This activity utilizes an online interactive simulation (PhET.colorado.edu) that allows students to explore and manipulate the subatomic particles that comprise the atom. Students also explore atomic mass, ions, nuclear symbols, and the periodic table. A link to the simulation and a downloadable file that includes a pre-lab, a student activity guide, and a post-lab assessment. The simulation also includes other inquiry opportunities and a game.
Students will measure water using grams, millileters and cubic centimeters to discover the density of water. Needed tools are balances, graduated cylinders, a cubic container for measuring cubic centimeters, rulers and water.
With help from the American Assocation of Chemistry Teachers and American Chemical Society, Ptable has sponsored the creation of exciting new lesson plans developed by chemistry teachers which take advantage of the site's in-depth interactivity. Using these free lesson plans, you can engage with the periodic table in ways which were previously impossible.
The concentration of a solution is a simply a measure of the amount of solute dissolved in a given amount of solvent or solution.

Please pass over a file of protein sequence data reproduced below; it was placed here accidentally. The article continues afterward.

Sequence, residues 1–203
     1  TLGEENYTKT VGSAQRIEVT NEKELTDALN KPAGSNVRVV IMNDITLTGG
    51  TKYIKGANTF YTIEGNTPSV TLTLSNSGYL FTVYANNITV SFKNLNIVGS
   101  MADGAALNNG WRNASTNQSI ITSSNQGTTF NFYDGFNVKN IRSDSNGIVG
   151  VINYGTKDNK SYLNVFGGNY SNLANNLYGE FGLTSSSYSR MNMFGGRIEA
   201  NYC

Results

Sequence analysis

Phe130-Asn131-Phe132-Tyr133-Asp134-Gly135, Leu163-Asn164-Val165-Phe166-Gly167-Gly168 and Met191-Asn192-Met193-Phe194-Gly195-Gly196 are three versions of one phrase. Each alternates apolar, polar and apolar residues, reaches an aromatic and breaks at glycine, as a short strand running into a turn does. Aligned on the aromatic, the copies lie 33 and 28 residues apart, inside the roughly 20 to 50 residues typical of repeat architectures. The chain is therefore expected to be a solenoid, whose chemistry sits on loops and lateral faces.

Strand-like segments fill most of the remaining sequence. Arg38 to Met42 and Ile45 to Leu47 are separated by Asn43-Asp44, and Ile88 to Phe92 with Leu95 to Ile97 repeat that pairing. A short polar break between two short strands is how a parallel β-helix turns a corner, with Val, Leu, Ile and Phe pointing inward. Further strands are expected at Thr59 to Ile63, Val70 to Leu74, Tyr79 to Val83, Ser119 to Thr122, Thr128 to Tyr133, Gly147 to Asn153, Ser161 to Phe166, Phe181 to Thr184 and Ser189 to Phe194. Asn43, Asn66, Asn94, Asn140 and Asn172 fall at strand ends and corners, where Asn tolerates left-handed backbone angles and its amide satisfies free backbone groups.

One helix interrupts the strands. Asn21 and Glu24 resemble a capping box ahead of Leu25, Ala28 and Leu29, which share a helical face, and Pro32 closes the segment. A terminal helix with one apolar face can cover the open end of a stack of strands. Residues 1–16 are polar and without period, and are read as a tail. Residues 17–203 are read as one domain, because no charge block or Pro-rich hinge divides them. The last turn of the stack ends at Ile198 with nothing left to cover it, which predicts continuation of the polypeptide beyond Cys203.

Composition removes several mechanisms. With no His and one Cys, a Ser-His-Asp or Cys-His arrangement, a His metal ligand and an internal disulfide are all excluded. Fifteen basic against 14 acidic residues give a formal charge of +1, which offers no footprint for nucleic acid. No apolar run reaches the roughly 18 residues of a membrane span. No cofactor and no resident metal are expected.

Solutions are often referred to as being “dilute” or “concentrated,” but these terms are somewhat vague (qualitative) and not very quantitative.
In this lesson, students explore two "quantitative" methods to express the concentrations of solutions: molarity and molality. Provided are links to two interactive online simulations (PhET), downloadable Student Guides/Activities, a fun laboratory activity, and a worksheet of practice problems to enhance mathematics problem solving.
Molecular Workbench (MW) is powerful, award-winning software that provides visual, interactive computational experiments for teaching and learning science. These simulations are HTML5 and work well on non-java based platforms.
Students will diagram and identify a change of state. Students will describe the energy, spacing and speed of the particles before and after this change.
Based on a student activity where students danced around the room acting as particles, students will identify an incorrect action during the dance. They will explain why the action did not fit the particle model and how it could be corrected. See below for an idea this is based on.